Moving to Freedom, .Org(on)

findr: a GNU/Unix ‘find’ helper

I’ve been more aggressive lately about creating helper scripts and aliases for common tasks, and I liked this find helper enough to want to share it. I find that I often do filename searches like this:

find -iname "*some_word*"

That’s not so bad to type, but why not make it even easier for my, and maybe your common usage? We might prefer to do something like this:

findr some_word

And assume that we’re looking for a case-insensitive, substring match. And since we love regular expressions, we can work with find’s regex options:

--regextype posix-egrep -iregex

Which is just begging for a helper to do the work for us in standard situations.

Before we look at the script and some examples, here are a few more considerations for our findr command:

findr.sh

(Use this code at your own risk, and use it however you like. To the extent possible, I’m putting this into the public domain.)

#!/bin/bash

 usage="\nfindr.sh: Helper to make regex find commands easier.\n\n"
usage+="  usage: findr.sh [-a] [-p preview mode] [find args] expression\n"
usage+="\t-a\tsearch all filesystems (default is -xdev/-mount)\n"
usage+="\t-p\tpreview mode; just show the resulting find command\n"
usage+="\n\t\t(can't combine params, e.g. -ap)\n"

preview=false
# use "nowarn" to avoid warning if -mount used after -type f, e.g.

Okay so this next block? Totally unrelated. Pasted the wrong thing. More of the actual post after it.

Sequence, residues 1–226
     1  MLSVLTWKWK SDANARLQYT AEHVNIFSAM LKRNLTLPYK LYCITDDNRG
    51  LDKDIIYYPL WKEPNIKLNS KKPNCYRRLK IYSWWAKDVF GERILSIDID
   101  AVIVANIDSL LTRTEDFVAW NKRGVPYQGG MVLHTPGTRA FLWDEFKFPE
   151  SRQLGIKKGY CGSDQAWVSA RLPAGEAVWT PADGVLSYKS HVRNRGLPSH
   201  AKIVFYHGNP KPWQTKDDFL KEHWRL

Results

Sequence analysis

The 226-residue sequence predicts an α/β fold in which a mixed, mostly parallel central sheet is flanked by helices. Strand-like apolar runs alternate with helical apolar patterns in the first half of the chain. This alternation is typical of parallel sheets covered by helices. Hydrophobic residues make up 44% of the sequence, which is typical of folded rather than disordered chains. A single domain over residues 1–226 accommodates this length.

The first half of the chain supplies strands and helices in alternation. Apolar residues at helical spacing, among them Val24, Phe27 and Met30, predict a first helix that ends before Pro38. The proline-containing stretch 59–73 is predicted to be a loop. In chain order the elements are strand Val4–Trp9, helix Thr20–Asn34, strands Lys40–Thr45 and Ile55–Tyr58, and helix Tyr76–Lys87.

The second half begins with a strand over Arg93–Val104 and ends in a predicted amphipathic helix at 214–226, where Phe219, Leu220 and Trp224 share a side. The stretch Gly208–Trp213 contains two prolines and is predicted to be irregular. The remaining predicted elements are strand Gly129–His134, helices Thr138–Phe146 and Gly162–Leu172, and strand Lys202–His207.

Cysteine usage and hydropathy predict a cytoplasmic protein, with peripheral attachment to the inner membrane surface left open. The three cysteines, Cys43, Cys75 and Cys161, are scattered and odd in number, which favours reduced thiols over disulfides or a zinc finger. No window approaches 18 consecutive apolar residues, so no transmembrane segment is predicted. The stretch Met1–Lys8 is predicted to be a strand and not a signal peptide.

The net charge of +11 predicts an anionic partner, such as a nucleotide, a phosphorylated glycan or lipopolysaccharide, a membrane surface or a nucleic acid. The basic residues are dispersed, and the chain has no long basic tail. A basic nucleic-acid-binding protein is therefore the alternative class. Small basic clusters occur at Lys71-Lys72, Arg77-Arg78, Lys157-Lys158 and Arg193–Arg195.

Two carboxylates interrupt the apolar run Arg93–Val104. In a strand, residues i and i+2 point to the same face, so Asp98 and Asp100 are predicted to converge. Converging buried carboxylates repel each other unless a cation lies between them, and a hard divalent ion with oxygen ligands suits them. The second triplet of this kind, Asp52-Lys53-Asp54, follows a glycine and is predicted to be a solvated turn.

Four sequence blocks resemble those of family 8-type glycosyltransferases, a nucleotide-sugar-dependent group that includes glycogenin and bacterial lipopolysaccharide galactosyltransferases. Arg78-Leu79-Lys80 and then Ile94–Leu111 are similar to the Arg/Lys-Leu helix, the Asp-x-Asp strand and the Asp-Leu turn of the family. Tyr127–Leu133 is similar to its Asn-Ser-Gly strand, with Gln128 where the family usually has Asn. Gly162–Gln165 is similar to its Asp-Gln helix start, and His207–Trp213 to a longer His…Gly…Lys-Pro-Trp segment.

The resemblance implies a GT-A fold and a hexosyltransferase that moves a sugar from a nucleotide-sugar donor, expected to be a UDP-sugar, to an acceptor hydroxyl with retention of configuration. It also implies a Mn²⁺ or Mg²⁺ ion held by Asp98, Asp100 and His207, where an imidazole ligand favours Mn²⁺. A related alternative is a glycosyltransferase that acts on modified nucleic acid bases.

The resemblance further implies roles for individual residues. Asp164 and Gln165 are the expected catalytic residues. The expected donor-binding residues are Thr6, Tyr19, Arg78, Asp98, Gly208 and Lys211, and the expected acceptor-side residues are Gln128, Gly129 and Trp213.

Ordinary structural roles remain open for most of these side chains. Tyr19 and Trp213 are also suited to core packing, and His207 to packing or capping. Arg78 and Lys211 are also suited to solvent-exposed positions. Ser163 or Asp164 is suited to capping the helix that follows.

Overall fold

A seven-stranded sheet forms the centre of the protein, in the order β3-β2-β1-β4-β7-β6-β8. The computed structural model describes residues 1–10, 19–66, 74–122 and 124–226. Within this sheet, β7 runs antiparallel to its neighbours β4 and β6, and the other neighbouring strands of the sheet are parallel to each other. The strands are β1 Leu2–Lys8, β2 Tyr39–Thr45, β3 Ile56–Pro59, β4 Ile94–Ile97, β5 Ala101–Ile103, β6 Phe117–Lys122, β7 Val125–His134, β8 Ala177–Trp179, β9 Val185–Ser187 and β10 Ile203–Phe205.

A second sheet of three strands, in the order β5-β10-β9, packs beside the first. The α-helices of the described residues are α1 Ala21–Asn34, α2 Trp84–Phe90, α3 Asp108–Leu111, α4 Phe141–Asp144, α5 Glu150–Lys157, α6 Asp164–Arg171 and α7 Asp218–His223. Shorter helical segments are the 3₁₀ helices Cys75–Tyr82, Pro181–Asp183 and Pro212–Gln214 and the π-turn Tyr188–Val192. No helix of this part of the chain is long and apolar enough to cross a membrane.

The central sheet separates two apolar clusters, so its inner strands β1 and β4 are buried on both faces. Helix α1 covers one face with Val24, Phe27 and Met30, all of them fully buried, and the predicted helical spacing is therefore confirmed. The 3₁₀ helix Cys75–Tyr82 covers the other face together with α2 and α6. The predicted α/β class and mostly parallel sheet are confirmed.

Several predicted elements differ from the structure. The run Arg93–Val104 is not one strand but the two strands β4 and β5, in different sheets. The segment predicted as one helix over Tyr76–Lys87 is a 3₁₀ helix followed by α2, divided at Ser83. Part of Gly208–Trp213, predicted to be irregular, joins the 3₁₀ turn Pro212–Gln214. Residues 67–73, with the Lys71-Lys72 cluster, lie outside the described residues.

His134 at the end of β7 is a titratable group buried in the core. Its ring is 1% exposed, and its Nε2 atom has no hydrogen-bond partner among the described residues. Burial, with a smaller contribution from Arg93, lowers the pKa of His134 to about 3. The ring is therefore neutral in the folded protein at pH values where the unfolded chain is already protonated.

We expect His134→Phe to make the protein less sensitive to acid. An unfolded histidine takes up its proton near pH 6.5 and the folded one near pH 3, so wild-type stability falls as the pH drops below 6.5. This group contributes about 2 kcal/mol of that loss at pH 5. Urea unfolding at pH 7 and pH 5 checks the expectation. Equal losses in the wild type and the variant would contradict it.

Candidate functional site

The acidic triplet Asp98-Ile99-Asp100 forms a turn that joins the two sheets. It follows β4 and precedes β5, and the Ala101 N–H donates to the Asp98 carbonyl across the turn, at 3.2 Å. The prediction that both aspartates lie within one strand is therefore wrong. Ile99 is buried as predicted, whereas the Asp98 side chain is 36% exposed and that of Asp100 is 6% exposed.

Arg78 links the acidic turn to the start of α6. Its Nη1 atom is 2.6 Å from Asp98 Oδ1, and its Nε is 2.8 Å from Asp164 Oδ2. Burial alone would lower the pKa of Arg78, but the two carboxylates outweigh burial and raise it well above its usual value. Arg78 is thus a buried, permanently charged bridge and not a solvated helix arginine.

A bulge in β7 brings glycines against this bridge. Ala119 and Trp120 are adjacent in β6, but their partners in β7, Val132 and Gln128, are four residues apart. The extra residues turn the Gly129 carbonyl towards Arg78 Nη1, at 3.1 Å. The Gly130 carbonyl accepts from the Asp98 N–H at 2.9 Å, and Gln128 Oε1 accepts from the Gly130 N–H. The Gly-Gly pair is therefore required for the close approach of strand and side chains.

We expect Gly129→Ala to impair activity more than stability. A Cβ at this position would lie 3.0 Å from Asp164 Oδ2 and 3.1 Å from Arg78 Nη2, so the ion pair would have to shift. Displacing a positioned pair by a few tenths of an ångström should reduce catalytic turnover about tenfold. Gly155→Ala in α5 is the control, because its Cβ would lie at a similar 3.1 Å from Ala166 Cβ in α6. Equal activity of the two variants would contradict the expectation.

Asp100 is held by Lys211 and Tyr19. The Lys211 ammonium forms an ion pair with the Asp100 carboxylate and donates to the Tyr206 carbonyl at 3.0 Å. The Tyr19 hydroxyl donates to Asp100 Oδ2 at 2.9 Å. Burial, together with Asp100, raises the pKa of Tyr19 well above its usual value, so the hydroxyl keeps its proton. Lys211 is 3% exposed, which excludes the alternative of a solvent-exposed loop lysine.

xdev=" -nowarn -mount "

while [[ -n "$1" ]]; do
    if [[ $1 == "-h" || $1 == "--help" || $1 == "-help" ]]; then
        echo -e $usage
        exit 0
    elif [[ $1 == "-a" ]]; then
        xdev=""
    elif [[ $1 == "-p" ]]; then
        preview=true
    elif [[ $# -eq 1 ]]; then
        regex=$1
    else
        args+=" $1"
    fi
    shift
done

args+="${xdev}-regextype posix-egrep -iregex"
regex="^.*${regex}[^/]*$"

if [[ "$preview" == "true" ]]; then
    echo "find $args \"$regex\"" >&2
else
    find $args "$regex"
fi

I’ve created in ~/.bash_aliases:

Thus:

findr secret-plans

Becomes:

find -nowarn -mount -regextype posix-egrep -iregex "^.*secret-plans[^/]*$"

You can add other “find” options, like the dir to search:

findr /home/scarpent secret-plans

Or specify the file type:

findr -type f secret-plans

Or whatever other option. The script includes the -nowarn option with -mount, because for example with this command:

find -type f -mount -regextype posix-egrep -iregex "^.*secret-plans[^/]*$"

find will complain about the order of options, and while I appreciate the good intentions and wisdom of the warning, it isn’t a problem for me. (Not until I get burned by missing some other suppressed warning, I guess.)

And you can take advantage of regular expressions! For example, maybe you want to look for the song “Oh, Yeah,” by Yello, and avoid matching on Elton John, Joni Mitchell, or Tony Orlando songs. You can use a word boundary:

findr "yello\b" or findr yello\\b

The find command is loaded with options and my understanding of it is only mildly nuanced, so this may (and will!) break down in many scenarios, but it’s not meant to be a replacement for direct use of find.

It’s just a helper, after all.